David and Lili's World Tour


November 2010 - Narita, Tokyo, Kyoto, Minakami, and Nikko

This was my mother's first visit to Tokyo, where her brother Bob has lived for 30 years. We had a delightful family reunion under auspicious circumstances: my cousin Nanae's wedding. It was fabulous. Nanae was the most stunning woman in all of Japan that evening, and her husband, Konishi-san, was the most handsome.

With my lovely aunt Mutsuko as our ichi-ban guide, we toured Tokyo and Kyoto. One highlight was a ceremony for Maduka in a Shinto shrine. Words cannot describe the harmony of colours with chanting, drums and gongs, as incense smoke danced with the spirits of the wind.

Lili and I also visited a traditional hot-spring resort (fantastic), plus an ancient city called Nikko, home to the former Shogun's temples of power. We did our best to speak Japanese poorly. 20 years ago I lived in Tokyo briefly, working as a computer programmer, and back then I studied the language just enough to make our adventures even more fun.

Japan was never colonized by Europeans, nor influenced much by missionaries, so it has managed a unique adaptation to modernity. Here are some observations:

Greater Tokyo is the world's largest urban area with 30 million souls, but it is clean, safe, and friendly. Group harmony, a defining characteristic of the people, makes this possible. But individualism is on the rise, easily observed in young women's clothing. Nearly everyone is fashionably dressed.

The public transportation system works so well there is no need for a car. People walk and bicycle a lot. Nearly everyone is physically fit.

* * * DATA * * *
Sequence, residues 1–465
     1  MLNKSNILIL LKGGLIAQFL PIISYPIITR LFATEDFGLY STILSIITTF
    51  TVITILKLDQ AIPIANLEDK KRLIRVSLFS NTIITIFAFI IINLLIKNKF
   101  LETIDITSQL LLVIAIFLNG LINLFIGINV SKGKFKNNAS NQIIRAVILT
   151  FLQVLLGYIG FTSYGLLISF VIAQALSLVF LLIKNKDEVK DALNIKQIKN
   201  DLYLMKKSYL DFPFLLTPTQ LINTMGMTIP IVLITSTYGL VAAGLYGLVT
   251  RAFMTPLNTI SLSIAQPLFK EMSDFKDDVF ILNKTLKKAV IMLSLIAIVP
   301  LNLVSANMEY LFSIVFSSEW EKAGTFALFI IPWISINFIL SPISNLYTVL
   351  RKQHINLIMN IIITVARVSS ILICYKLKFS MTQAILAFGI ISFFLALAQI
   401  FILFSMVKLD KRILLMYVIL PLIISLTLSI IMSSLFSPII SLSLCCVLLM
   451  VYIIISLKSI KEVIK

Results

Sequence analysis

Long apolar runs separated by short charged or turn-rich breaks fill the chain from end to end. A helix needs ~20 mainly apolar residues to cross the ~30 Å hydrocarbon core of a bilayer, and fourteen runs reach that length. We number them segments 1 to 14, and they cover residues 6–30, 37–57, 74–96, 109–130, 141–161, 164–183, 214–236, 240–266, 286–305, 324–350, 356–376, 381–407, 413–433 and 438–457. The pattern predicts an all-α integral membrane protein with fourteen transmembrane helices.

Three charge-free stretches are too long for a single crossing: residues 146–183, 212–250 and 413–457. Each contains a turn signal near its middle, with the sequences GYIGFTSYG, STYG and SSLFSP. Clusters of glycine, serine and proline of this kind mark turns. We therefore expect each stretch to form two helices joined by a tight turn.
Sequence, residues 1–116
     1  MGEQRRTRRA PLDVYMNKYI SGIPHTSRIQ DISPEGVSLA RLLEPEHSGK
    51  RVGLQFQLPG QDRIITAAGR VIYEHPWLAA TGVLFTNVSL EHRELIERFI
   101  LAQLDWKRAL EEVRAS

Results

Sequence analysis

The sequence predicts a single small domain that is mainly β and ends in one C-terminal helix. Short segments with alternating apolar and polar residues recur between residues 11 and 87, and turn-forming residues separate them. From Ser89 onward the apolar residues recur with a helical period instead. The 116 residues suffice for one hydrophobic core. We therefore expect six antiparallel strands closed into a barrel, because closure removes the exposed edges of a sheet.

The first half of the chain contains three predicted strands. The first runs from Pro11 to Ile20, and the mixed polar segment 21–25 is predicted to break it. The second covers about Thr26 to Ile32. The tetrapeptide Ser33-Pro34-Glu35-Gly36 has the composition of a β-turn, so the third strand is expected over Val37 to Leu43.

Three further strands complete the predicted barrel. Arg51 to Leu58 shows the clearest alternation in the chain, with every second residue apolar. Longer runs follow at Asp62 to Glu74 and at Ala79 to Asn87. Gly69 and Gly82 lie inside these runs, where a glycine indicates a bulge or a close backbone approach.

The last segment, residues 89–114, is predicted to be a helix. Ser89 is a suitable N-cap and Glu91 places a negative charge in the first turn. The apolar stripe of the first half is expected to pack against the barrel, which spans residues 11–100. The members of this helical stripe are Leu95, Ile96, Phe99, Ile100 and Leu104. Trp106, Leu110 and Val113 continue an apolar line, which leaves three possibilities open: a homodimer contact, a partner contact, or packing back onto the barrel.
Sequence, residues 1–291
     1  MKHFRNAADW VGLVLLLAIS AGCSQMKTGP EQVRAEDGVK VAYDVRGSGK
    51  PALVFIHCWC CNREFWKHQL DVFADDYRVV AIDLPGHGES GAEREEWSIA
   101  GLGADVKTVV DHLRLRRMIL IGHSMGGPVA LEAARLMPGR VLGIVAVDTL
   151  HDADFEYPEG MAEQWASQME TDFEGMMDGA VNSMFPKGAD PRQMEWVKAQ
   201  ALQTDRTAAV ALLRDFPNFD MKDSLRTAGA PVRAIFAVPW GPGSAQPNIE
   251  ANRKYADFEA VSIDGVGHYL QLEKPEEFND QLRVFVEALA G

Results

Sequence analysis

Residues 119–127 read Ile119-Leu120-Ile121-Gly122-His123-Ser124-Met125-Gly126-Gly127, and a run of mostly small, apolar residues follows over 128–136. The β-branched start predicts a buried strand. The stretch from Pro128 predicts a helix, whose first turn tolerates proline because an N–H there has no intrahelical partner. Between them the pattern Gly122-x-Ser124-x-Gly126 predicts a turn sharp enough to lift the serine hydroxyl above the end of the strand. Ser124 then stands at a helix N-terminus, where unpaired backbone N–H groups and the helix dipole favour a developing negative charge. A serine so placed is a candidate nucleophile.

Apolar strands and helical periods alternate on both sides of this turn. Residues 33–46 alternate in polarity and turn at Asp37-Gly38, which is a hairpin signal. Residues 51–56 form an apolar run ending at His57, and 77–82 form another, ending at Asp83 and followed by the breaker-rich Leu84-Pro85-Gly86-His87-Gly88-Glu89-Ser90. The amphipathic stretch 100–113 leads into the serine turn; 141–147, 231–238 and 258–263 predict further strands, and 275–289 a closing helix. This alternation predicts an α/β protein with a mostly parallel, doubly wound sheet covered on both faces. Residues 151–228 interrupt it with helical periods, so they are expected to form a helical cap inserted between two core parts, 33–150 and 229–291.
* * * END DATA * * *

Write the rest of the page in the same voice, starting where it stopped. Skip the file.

Some of the food we encountered was weird sea goo. We tried everything, including worms and slime. The majority was delightfully delicious, but not so much the worms.

We woke up one morning at 4am to witness the tuna auction at the Tsukiji market, where some fish sell for more than US$100,000. With such demand, the only way to save species like the endangered bluefin tuna is to enforce fishing bans.

Japanese people love gadgets and robots. Even some toilets are electronically controlled; push the wrong button and your backside will get a surprise washing.

Vending machines everywhere sell hot and cold coffee.

In Japan, religious freedom really exists. Our friend Peter Frankl, who lives in Tokyo but grew up in Hungary under an antireligious communist regime, says he feels comfortable living where people don't talk about religion and don't care about other people's religion. Indeed! Shouldn't we care more about Science?

The Japanese people are disciplined and hard working. Children study beyond the requirements of their schools to get ahead. Consequently, literacy is nearly universal. Some people work so hard, however, that depression and suicide rates are high. I'm told that most Japanese woman prefer their lives of raising children and keeping house to that of "salary men" who devote themselves to work.

One of the best ways to control the population explosion is to lower birth rates by educating girls. The Japanese population is shrinking. In the short term, this will be a problem as fewer young people will have to support more older people. But long term, this will improve Japan's ability to maintain a sustainable economy. I wish the whole world could educate their girls as well as the Japanese!

Two words in Japanese speak volumes about the culture, tatemae and honne. Tatemae means "facade" and refers to one's public face. Honne refers to one's true feelings, usually kept hidden except with one's closest friends. I found this frustrating when I lived here 20 years ago, as I was nobody's closest friend, but now I find the Japanese people to be universally polite, and generally charming.

Japan is expensive, but deals abound, so get a guide book and go!

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